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Schools Without Playgrounds To Face Sanctions   
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The Ghana Education Service (GES) is putting in place measures to close down private basic schools which do not have playgrounds for schoolchildren to socialise and have fun for their physical development and good health.

The Chairman of the GES Council, Mr Michael Nsowah, who disclosed this in an interview, said very soon, inspectors from the service would go round all the schools and those found without playgrounds, as well as those with unapproved structures, would be instructed to either conform to the GES requirements or risk being closed down until the right thing had been done.

He said playgrounds were one of the key components required prior to setting up a basic school where the developmental stage of every child began.

Mr Nsowah said those running schools without playgrounds were doing a disservice to the schoolchildren because recreational activities were important for children, especially for their health and well-being.

According to Mr Nsowah, recreational activities helped in the development of the brain and the language of every child, and also formed an integral part of the total education of the school’s co-curricular activities.

The chairman of the GES said children who attended schools without playgrounds were usually confined to their classes during break time, thereby depriving them of their play time which was the most active part of their day.

Commenting on the issue, the Headmistress of the Stephenson International School in Accra, Ms Joyce Stephenson, acknowledged that the lack of a playground in her school was a worry to the management of the school since the schoolchildren missed their play time regularly during break time.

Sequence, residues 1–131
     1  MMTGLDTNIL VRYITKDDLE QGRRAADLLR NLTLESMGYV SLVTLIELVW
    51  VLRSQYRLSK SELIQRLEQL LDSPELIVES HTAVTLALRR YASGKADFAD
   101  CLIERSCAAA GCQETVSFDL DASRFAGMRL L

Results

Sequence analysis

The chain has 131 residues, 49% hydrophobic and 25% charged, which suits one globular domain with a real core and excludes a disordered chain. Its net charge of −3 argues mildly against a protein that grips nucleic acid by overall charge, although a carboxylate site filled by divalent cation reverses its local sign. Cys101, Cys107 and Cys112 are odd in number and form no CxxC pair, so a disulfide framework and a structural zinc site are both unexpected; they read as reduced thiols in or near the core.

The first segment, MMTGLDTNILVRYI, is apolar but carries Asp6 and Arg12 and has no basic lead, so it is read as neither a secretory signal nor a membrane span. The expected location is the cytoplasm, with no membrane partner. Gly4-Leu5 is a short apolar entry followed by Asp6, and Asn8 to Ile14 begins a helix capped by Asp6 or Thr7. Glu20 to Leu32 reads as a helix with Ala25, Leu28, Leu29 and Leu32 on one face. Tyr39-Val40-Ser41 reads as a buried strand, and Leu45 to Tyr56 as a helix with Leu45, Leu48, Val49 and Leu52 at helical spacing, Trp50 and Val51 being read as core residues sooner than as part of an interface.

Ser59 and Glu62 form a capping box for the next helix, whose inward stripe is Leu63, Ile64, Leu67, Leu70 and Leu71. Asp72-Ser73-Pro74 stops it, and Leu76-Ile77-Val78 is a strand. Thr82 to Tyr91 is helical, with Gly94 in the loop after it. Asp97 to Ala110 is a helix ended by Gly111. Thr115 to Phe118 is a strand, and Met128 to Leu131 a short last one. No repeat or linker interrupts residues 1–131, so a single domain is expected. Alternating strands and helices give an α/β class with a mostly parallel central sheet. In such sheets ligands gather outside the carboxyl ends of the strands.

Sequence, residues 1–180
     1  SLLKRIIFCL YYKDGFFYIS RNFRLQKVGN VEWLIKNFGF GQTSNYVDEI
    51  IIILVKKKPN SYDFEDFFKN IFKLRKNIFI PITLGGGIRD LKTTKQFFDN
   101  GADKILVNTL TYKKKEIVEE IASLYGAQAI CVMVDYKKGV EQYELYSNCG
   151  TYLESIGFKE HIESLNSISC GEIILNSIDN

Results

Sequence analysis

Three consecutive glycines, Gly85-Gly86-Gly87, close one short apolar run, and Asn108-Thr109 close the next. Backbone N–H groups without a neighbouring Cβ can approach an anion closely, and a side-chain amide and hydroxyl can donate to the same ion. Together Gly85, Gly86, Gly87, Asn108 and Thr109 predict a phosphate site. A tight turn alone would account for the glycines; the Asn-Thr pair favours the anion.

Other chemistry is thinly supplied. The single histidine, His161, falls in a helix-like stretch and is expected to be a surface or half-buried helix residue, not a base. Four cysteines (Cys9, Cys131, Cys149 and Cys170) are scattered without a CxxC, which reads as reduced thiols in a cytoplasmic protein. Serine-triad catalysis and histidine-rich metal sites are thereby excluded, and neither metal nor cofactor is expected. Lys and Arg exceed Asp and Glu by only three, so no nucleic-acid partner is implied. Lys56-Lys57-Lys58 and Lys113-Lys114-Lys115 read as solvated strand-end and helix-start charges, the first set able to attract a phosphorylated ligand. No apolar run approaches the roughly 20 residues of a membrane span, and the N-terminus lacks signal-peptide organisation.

She said the schoolchildren used to enjoy their break time very much when the school was at its old site until it moved to its present location following long-standing land litigation.

That, she said, eventually gave the management of the school no other choice but to run the school in her home.

The Headmistress of the Beacon Hall School, Mrs Helen Akakpo, who shared the same sentiments said most schools were being run in homes due to problems of land litigation in the country.

She said the problem of the double sale of lands by landowners was worrying and appealed to the law enforcement agencies to give stiffer punishment to people who engaged in the multiple sales of lands.

Nicholas Ankrah, a student of the Stephenson International School, confirmed that the lack of a playground in the school sometimes made him miss the school’s former location where he used to play football with his mates during break time.

Princess Mensah, another student of the same school said since the school did not have a playground, during break time she usually stayed in the classroom to chat with her friends.
Source: Graphic.com

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